GEORGE TOWN, Jan 18 — She is a fifth-generation Nyonya who started cooking at a very young age under the stern guidance of her Nyonya aunts.
Today, Pearly Kee continues to cook Nyonya dishes for her monthly pop-up Nyonya dinners and on top of that, she also teaches Nyonya cooking to locals and tourists.
The 58-year-old published her first cookbook, A Nyonya Inheritance, two years ago and she is in the midst of publishing another on local herbs and spices.
Previously a QA manager in a manufacturing company, Kee only started indulging in her passion for cooking and Nyonya food after her retirement.
However, she only started teaching Nyonya cooking when she received enquiries from readers of her personal blog, my-island-penang.com.
Here, she talks about her passion for food and Nyonya cooking.
In her own words:
- I’m at my happiest now because I’m doing what I like… cooking has always been my passion. I still remember growing all those herbs and spices from young days. I think we all need to go back to basics, eating simple food, to care for our own health. This is so important because we should always remember that food is our medicine and it should be healing every day.
- As for what I’m doing now, so far, the last four years have been the peak of my cooking career, teaching, not solely cooking for the sake of cooking but teaching. Teaching people about eating natural food, about eating wholesome food, about eating fresh produce and also encouraging them to grow their own vegetables...
- We’ve come to a stage where sometimes we waste a lot of things. I would like people to understand that life is about treasuring what we have and eating what we can grow and enjoying it to make us more healthy or else life is meaningless if you are not eating the right kind of food. The right kind of food doesn’t actually mean expensive food. Right kind of food can also mean daun kadok fried with egg omelette, or bitter gourd fried with egg omelette, you know, something simple.
- There are a lot of benefits from our local herbs, spices and produce that many don’t realise. Like our coconut. The seed inside a very old coconut — in Hokkien its called hongbong — if you eat that, it helps you to repair and clear your goiter, thyroid and sore throat. In my garden, we have “bile of the earth” or “akar cerita” or the Chinese call it “khor thim”, it’s a very bitter leaf but it’s good for sore throat, cough, so if you eat three of the leaves, your phlegm will clear up.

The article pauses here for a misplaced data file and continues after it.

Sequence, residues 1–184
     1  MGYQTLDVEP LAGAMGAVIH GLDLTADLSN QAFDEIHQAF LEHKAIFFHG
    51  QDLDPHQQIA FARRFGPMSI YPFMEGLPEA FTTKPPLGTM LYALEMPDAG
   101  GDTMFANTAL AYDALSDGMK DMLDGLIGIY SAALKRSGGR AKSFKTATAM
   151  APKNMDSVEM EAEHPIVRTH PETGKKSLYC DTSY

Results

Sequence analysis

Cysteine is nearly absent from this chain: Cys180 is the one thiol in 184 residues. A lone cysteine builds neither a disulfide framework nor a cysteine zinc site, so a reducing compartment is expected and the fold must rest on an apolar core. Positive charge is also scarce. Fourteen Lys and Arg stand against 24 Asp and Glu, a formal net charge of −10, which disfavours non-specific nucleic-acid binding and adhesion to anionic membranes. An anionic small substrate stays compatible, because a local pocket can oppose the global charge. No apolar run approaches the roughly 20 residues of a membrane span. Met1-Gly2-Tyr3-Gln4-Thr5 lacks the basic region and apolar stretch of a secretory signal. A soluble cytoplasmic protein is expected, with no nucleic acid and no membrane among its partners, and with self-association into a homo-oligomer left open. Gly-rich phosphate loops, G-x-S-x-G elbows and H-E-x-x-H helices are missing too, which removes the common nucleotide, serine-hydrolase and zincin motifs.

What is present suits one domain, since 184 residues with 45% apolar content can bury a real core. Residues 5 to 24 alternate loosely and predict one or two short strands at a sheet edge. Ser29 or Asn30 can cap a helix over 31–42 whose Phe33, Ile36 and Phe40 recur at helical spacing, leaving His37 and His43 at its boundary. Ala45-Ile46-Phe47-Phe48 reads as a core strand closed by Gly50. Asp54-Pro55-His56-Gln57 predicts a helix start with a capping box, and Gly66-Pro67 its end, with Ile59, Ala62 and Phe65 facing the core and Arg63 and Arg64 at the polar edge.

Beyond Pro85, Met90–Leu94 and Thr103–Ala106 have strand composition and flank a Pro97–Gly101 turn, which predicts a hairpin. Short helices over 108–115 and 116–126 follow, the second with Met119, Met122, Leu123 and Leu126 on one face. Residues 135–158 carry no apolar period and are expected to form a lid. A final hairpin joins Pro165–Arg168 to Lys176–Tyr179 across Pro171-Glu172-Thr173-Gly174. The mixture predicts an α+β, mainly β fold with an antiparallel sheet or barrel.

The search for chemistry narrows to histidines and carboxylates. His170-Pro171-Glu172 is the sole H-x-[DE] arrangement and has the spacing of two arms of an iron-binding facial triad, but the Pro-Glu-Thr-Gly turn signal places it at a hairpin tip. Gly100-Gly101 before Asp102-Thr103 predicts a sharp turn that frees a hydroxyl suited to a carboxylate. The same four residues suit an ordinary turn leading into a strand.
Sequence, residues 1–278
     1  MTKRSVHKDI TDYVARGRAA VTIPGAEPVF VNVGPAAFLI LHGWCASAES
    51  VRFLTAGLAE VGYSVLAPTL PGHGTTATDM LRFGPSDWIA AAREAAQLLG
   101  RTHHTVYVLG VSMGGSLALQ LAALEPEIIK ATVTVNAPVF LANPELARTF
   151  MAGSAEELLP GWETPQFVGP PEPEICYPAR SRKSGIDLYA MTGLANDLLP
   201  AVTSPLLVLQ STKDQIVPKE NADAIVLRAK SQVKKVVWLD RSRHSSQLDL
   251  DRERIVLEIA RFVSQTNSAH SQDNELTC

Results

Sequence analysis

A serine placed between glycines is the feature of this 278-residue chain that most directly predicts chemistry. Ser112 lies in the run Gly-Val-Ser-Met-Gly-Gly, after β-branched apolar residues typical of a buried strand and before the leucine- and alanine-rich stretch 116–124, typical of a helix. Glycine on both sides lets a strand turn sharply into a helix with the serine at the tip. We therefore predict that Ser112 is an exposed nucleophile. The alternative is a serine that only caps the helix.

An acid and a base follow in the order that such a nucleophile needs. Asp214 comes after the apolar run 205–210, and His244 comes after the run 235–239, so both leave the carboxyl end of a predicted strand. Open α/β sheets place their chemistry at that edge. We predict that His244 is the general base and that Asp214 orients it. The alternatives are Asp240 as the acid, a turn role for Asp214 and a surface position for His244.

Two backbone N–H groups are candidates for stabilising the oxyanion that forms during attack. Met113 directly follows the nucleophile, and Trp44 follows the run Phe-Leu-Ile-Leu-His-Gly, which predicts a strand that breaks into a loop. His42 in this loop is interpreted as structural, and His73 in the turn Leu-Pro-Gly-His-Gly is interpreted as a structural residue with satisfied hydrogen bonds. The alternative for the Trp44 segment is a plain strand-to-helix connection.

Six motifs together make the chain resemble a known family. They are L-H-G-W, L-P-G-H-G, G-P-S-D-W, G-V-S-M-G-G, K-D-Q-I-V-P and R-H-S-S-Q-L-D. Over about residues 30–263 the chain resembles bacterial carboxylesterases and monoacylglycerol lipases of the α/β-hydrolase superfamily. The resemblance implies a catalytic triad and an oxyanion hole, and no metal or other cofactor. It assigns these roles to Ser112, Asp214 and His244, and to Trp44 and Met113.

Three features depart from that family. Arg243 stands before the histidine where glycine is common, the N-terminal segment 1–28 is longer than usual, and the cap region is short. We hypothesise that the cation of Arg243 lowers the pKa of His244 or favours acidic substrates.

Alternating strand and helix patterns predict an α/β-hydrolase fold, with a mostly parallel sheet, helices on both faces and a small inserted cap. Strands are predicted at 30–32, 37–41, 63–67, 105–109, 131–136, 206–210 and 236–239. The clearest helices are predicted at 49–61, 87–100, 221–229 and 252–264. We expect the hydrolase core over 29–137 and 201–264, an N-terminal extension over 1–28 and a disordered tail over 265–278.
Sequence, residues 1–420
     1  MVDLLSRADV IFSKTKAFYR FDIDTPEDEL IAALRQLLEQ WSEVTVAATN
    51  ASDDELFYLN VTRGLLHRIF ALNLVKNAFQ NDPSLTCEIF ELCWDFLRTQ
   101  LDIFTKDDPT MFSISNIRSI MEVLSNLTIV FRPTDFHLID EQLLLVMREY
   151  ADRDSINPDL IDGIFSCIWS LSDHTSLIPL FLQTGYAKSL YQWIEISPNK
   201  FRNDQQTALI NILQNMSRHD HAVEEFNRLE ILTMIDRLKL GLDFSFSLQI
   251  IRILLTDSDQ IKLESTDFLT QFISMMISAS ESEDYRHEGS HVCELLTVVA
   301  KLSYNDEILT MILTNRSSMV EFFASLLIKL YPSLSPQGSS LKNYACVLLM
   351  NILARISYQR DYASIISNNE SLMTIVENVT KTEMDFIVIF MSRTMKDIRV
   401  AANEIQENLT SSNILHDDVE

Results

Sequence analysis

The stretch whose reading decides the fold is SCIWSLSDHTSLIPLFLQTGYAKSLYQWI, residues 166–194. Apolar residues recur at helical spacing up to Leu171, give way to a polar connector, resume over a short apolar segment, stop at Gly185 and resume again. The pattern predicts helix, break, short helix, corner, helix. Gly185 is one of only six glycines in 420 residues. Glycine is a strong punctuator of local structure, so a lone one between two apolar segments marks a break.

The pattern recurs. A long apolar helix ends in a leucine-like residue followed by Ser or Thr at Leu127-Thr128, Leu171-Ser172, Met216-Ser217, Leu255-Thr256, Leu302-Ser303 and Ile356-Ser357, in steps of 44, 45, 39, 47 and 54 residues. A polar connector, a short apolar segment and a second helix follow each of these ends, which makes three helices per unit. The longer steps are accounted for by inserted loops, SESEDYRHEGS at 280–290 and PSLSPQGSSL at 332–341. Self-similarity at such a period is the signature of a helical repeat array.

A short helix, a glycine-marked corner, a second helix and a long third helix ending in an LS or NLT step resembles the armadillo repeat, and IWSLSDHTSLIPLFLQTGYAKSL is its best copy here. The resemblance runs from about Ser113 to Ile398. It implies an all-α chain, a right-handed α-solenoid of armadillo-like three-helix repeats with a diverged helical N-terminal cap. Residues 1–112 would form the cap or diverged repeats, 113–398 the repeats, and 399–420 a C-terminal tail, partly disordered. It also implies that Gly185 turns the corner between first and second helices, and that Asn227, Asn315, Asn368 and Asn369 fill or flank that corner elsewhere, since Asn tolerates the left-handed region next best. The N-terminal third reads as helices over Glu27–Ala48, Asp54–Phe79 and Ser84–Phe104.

- I’m not saying modern medicine is bad. What I’m saying is that you should find it in your garden, you should eat all these things from your garden. They are not going to taste very nice, they are going to be very bitter, very sour but these things are full of anti-oxidant properties.
- And we have so many types of roots and our own locals do not eat roots, like, fresh turmeric, fresh ginger, galanggal, spring onion, key ginger, cekur or sand ginger… all these are good for us because it’s full of vitamin B complex and then it’s nerve strengthening. All these roots will strengthen your nerves. You see how wonderful these are? But we are not eating all these.
- This is where Nyonya cooking comes in because when we are cooking Nyonya food, we use all kinds of roots, herbs and fresh ingredients from our own garden. Malaysia, Penang, we have lots of these in abundance and a lot of people are not making use of it.
- For me, I want to encourage people to go back to their country, to be more aware of what they grow, all the herbs and spices, it can be anything they have in their country, it should be good enough. But not growing it and not eating it or eating too much processed food, we are not going to be very healthy. It’s foodless food, you know what I mean?
- When I was young, as a Nyonya girl living at home, your aunties and uncles will make sure you have the four prerequisites of a Nyonya girl; you must be able to sew, you must be able to embroider your clothes, you must be able to make beaded shoes and finally, you must be able to cook and clean. So if you have four daughters, each daughter will specialise in one skill, so when we have two, we have to take our pick so cooking and cleaning became my specialty. When I wanted to teach cooking, it took me a year to prepare myself to be able to teach. Teaching has to be very mindful so that you don’t hurt people, do it carefully. Teaching is important and fun. I’m still teaching cooking classes.
- I’m also running monthly dinners, a lot of my guests want to eat more than three dishes when they come so for the past two years, I’ve been making eight dishes every month. On the last weekend of the month that coincides with the Penang Global Tourism’s Last Fri, Sat, Sun events. On the last Saturday of every month, we will be promoting Nyonya food so that people will make their bookings and most of the time it’s full. It’s going to end this June because I’ve fulfilled my promise to my publisher to cook 300 dishes. The Nyonya monthly dinners at home will stop in June but we are now working with someone to pair the Nyonya food with wine at another location. So, in the next few months, you will hear about that. I am sure it’s going to be a big hit.